Credit 101

Credit. Essentially, it’s your financial score card that the business world uses to determine whether or not they should lend you money, give you a credit card, rent to you, insure you, or even employ you. Your credit score tells whoever’s inquiring how good you are with your money. This score can range from 300-850 points, and the higher the score, the better.

Sounds like another thing to worry about, right? Not to fear; here are a few simple things that you can do to help your credit.


1. Pay your bills on time. 35% of the score is based on your ability to make payments on your car loans phone bills, lines of credit, etc. in a timely manner. If you make payments later than 90 days after the date due or have a payment go through to collections, your score can be affected.

2. It’s good to have credit available for a long time. The longer you have accounts the better this looks to a potential lender.

3. Don’t owe more than 90% of your available credit. Creditors want to know that you aren’t maxed out all the time.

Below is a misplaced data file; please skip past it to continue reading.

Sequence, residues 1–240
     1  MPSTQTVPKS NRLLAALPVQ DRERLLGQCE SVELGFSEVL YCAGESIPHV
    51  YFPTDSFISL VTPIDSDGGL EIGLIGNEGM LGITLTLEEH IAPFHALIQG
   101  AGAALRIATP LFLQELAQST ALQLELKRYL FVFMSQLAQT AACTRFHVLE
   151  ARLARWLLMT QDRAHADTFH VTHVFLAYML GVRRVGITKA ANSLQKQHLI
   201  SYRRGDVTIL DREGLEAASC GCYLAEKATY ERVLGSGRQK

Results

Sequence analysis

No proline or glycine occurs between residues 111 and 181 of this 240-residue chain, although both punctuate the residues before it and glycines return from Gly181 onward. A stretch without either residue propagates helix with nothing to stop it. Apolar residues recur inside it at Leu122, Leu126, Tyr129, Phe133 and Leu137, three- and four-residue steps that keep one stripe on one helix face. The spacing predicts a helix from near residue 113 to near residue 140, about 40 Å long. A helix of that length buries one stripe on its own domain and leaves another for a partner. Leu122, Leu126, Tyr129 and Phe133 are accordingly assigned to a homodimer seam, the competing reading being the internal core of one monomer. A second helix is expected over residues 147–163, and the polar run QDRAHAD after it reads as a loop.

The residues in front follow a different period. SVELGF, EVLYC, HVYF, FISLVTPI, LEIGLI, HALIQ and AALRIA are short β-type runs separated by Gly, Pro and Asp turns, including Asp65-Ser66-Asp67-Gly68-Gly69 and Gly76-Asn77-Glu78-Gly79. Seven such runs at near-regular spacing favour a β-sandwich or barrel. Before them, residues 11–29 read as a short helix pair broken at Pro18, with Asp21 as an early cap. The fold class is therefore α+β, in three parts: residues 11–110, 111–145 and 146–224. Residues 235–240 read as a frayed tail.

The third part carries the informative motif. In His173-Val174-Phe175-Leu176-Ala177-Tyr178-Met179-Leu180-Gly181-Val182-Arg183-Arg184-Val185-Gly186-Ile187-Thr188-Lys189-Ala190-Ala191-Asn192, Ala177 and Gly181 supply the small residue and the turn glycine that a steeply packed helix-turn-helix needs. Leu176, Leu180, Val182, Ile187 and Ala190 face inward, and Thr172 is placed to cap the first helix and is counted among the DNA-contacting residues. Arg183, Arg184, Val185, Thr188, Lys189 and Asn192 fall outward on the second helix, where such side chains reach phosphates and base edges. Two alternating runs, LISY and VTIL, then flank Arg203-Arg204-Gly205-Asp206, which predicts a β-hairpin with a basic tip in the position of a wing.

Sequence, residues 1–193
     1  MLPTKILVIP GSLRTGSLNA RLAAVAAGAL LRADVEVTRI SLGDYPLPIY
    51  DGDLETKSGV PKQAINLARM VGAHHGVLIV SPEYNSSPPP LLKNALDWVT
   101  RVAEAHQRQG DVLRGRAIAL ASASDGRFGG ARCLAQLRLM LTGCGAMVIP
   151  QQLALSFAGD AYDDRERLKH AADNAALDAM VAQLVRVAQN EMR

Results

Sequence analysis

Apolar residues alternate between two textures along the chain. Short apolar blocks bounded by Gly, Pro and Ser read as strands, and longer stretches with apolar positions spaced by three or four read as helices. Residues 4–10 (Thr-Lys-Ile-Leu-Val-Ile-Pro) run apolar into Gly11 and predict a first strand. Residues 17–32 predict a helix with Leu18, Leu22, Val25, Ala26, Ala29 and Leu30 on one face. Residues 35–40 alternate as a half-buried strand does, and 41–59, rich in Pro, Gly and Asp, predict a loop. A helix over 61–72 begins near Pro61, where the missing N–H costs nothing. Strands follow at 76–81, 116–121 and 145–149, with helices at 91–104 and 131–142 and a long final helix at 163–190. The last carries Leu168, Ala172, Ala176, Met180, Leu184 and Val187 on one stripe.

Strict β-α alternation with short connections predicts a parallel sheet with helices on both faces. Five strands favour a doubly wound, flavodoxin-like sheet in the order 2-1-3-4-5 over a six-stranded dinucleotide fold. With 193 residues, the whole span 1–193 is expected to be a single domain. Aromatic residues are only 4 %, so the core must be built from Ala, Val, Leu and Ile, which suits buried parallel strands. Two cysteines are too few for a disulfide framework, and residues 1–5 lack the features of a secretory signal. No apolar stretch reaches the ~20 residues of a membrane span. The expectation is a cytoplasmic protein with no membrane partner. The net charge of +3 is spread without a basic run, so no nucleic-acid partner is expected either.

4. Having different kinds of credit is good. A mix of mortgage, car loan, student loan, and credit card is better than credit cards alone.

5. Try not to have your credit checked if you can help it. Each time your credit is checked, it can take up to 20 points off your score.

I know it can be challenging to be financially wise all the time, so here are some quick tips to ensure your credit is working for you.


1. Only pay the minimum payment. The minimum payment usually covers the interest (depending on your rate) and balance protection insurance you get charged each month. Paying off more than the minimum, whether a little more or a lot, will eventually make a meaningful dent in your debt.

2. Carry a balance. This creates a perpetually overdue account. Not good.

3. Ignore bills completely or live with maxed out credit cards. You guessed it, this is even worse than just making the minimum payment.

4. Apply for loans all over the place trying to get someone to approve you. Chances are, if one lender turns you down, most will. Work at restoring your credit for 6 months, then try again.

5. Apply for bankruptcy or default on your mortgage. Avoid these scenarios at all costs. The word “devastation” comes to mind when I think about what these options will do to your credit. Specifically, it can take anywhere from 3-7 years to have these accounts removed from your credit bureau, which is a long period of purgatory.



If you have any questions about your credit, how to check it, or how it affects your mortgage, leave a comment or send me a message.

Lisa Last – Pro Mortgage Solutions –